Allbirds, the direct-to-consumer brand for sustainable shoes made out of merino wool, had a big first year following its March 2016 launch.
The company raised $10 million in venture capital, reached 50,000 followers on Instagram, grew its company size from two to 30, and received positive press from publications like Fast Company and Fashionista. Its $95 sneakers, devoid of a logo, have particularly resonated with Silicon Valley’s tech nerds, where the shoes’ minimalist silhouette and comfortable design blend in easily with the go-to uniform of hoodies and jeans. It’s also drawn comparisons to Everlane, with its sustainable and direct-to-consumer model and San Francisco roots.
Now, co-founders Tim Brown and Joey Zwillinger and their team are tasked with maintaining that momentum. Two new developments mark the beginning of Allbirds’ second phase. On Monday, the brand opened its first physical retail concept store in its San Francisco headquarters, in order to double down on its direct connection with customers by offering an opportunity for face time and real-life product try-ons. Today, the brand launched its second product collection, a line of slip-ons made in the same merino wool material as its sneakers, released on its website.
Brown, a former professional soccer player in New Zealand, and Zwillinger, an engineer specializing in the renewable resource field, didn’t have experience in the footwear industry when they teamed up to work on a line of mid-market casual footwear. The “non-negotiable” features for Allbirds shoes, Brown said, were his inspiration for starting the company: sneakers that were designed free of logos, made with sustainable materials.
“In the $80 billion footwear industry, you have athletic performance shoes, high-fashion shoes and casual shoes,” said Zwillinger. “The market for casual shoes, stuck in the middle, sees a very small amount of innovation and zero thought of sustainability. We saw an opportunity to do things differently in this space, and we’ve been validated.”
Allbirds has gained a loyal following, particularly in the Silicon Valley tech scene and among celebrities. On Instagram, the hashtag #allbirds is used in 6,000 posts.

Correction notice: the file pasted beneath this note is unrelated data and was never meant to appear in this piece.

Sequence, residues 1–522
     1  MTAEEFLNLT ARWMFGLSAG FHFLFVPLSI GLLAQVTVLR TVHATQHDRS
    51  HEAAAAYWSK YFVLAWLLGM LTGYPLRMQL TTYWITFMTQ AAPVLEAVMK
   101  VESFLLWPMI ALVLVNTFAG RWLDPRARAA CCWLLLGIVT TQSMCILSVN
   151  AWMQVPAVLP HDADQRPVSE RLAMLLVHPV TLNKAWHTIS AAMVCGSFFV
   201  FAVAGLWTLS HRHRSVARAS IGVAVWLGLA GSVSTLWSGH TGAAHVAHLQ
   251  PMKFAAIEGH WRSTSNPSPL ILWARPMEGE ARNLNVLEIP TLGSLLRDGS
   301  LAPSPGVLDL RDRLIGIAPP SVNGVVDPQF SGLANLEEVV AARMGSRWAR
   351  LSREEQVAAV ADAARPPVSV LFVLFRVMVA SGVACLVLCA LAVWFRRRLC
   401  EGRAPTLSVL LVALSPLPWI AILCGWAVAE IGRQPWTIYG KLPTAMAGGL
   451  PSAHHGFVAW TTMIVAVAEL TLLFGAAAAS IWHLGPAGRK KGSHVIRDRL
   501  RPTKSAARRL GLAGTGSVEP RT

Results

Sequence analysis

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“They had a big first year,” said Brett Jackson, managing director at VC firm V1, who was an early investor in Allbirds and an employee during the early days of Crocs. “The shoes have universal appeal with people of all ages all over the country, and if you look at how they executed over the past 12 months — they didn’t expect such a big year. When that happens, you have to move a lot more quickly to move product.”
The company’s strategy: Go direct-to-consumer with a close-knit network of factories, and start small. The brand made the decision to start its footwear line with just one shoe style at the time, despite hesitation from its investors, which include firms Lerer Hippeau Ventures and Great Oaks Venture Capital. But Brown pointed to the saturation of the footwear market and how overwhelming shopping somewhere like Zappos can be, to back up their decision.
“Investors told us it was too risky to launch with just one style, but a big part of what we saw, and didn’t like, in the footwear space was more, more, more of everything,” said Brown. “Colors, stitches — it’s too much. We liked the idea of dialing back and going in the opposite direction.”
For a new consumer brand, early days — especially those funded by a lot of venture capital dollars — set the tone for the brand’s future. Allbirds doesn’t disclose revenue or how many shoes were sold, but Zwillinger said it expects to see sales grow another five times over what they did in 2016.
Jackson said the brand’s first year sets it up for international expansion, if the company continues to invest in employees who understand supply chain distribution and product.
“We had a pretty clear framework for how to hire: Fill in the gaps of our experience,” said Zwillinger. “That covers brand marketing and supply chain distribution. On the VC side, we only work with VCs who understand our brand and know that they can’t expect to cash out in five years with a $1 billion sale.”